Of the three bridges that connect Brooklyn
, the Williamsburg is probably the least celebrated of the three. It is not as pretty as its sister bridges to the south
, the Manhattan
and the Brooklyn
; it goes to what was until fairly recently an unfashionable area
; it's not even physically close to the other two bridges, despite the fact that the Manhattan Bridge
opened six years after it. The Williamsburg Bridge doesn't figure as heavily in the mythology
of New York City
as the Brooklyn Bridge
or even the Queensboro Bridge
(although a search here on E2 turns up a song written in 1999 dedicated to the Williamsburg
and nothing about the Manhattan).
The bridge was first imagined in the 1860s. John Roebling, already a famous bridge designer who would become even more so a few years later for the construction of the Brooklyn Bridge, proposed other bridges to span the East River, uniting the cities physically (remember, this is still years before the "Mistake of '98" joined Brooklyn and Manhattan politically with the other three boroughs into Greater New York City). Williamsburg liked the idea, but officials in New York City were against it, as were the heads of ferry companies whose boats provided the service the bridges would reduce or eliminate. A bill was passed in Albany, but still nothing was done to actually build the bridge.
After several legal battles, including the chartering of a bridge to extend Brooklyn's elevated railways into Manhattan and the subsequent purchase by Williamsburg leaders of that charter after the formation of yet another bridge company, construction was finally started on the bridge on November 7, 1896, under the supervision of chief engineer Leffert L. Buck.
The bridge was originally designed to cost only $7 million, less than half as much as the recently completed Brooklyn Bridge. Most of the original design of the bridge came from this desire to keep it cheap: running the suspending cables straight to the anchorage; building the towers purely out of steel (not the granite of the Brooklyn); even building the approaches out of steel rather than masonry; all were choices made to keep the time and money required to a minimum. Even during its construction, the bridge was viewed as ugly in comparison to its southerly companion. Gustav Lindenthal, appointed chief engineer in 1902, would point out the strength of the bridge as being twice that of the Brooklyn while avoiding comments upon its design. The cost, however, ended up being three times the original estimate, coming in at $24.2 million.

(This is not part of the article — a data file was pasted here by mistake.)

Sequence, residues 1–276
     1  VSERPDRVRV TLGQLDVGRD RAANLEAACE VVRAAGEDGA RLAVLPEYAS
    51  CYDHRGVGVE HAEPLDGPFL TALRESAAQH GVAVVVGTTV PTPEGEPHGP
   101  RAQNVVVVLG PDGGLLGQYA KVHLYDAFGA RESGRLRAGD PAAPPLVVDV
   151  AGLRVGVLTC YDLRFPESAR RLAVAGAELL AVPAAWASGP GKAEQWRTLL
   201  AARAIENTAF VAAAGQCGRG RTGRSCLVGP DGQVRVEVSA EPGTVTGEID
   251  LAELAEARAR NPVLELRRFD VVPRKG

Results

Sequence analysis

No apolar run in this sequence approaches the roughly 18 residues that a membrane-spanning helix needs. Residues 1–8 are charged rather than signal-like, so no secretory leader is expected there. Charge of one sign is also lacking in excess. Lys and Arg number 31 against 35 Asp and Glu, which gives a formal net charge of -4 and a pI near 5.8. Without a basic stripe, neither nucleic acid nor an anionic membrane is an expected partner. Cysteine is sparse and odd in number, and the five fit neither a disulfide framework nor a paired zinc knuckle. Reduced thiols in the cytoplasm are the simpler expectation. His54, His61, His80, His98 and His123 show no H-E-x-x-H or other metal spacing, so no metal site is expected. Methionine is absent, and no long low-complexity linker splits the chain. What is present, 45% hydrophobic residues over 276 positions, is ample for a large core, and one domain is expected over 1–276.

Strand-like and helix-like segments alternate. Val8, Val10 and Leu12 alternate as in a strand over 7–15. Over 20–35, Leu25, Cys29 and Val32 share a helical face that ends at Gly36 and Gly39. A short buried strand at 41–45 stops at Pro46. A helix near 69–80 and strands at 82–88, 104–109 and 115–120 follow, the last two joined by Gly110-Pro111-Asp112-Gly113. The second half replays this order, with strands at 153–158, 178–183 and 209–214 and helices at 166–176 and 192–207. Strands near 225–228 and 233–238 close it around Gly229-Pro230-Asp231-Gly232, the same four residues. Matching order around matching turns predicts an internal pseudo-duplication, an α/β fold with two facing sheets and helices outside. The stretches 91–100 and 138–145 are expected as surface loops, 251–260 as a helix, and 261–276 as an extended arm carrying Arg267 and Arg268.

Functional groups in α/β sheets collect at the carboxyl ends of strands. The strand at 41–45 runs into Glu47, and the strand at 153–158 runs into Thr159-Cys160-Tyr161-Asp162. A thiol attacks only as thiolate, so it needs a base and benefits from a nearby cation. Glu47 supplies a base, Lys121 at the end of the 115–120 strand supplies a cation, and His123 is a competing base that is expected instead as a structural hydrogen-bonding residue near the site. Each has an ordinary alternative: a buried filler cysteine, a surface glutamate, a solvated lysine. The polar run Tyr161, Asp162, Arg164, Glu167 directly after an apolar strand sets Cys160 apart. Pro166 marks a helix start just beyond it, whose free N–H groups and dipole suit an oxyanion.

On December 19, 1903, the bridge was opened to pedestrian and carriage traffic. The six lanes of rail service originally designed within the bridge were not utilized until 1908 due to more legal hassles between the recently unified New York City and the private rail companies. The Long Island Railroad ran trains across the bridge from its current Atlantic Avenue line into Chambers St.; the elevated tracks are currently being used by the J/M/Z trains. A trolley line was run across the bridge starting in 1904 and ran until 1948; the former terminal can be seen from the Essex St. station on the J train.
The bridge also opened up the Williamsburg area to further settlement; the bridge itself was known for a while as the "Jews' Bridge", as thousands of Jews fled the overcrowding of the Lower East Side for the area then known as "Kleinedeutschland" (due to the large amounts to German settlers, who themselves moved further east into Queens).
The traffic which it had been designed to relieve started to take its toll on the bridge fairly early. By 1911, additional supports were built under the side spans, and the deck was strengthened to better take the weight of the latest subway cars. The bridge was redesigned in the 1920s to double the number of vehicular lanes to eight. The trolley tracks abandoned in 1948 were also converted into automobile lanes. (Sources do not specify how the vehicular lanes, designed for horsecart traffic, were converted into the current eight automobile lanes.)
The bridge went mostly unmaintained for a number of years. The suspension wires were never coated with zinc and started to rust; in 1964 local papers were reporting a rain of rust falling on pedestrians as they crossed the bridge. The pedestrian walkways were closed in the 1970s when a bridge worker was mugged while on the job. A massive inspection on the bridge in the late 1980s showed corrosion throughout the bridge, and in April 1988, the bridge was entirely closed to all traffic so that emergency repairs could be done, and plans were made concerning the fate of the bridge.
In November 1988, plans to replace the bridge were scrapped, and the City decided to make repairs to the bridge while keeping it open to traffic, all over the course of fourteen years. The final projects were finished on June 10, 2002, 50 days ahead of schedule. The pedestrian walkways were reopened in 1999, and the construction on those is due to be completed in 2005.
The bridge is maintained by the New York City Department of Transportation, and like the other three Manhattan Island-Long Island bridges, has been toll-free since 1910.
The bridge is 7308' long; the main span length of 1600' beat out the previous record holder by four feet, six inches.
The towers rise 310 feet over the East River at mean high water; the deck allows 135 feet of clearance for ships to pass under.
Currently, there is one pedestrian walkway shared between those on foot and those bicycling; there are two subway lanes which carry the north- and southbound J, M, and Z trains, as well as eight lanes for cars and buses. As of this writing, the bridge is under HOV restrictions, with cars only with two or more passengers allowed into Manhattan between 6 and 10 AM.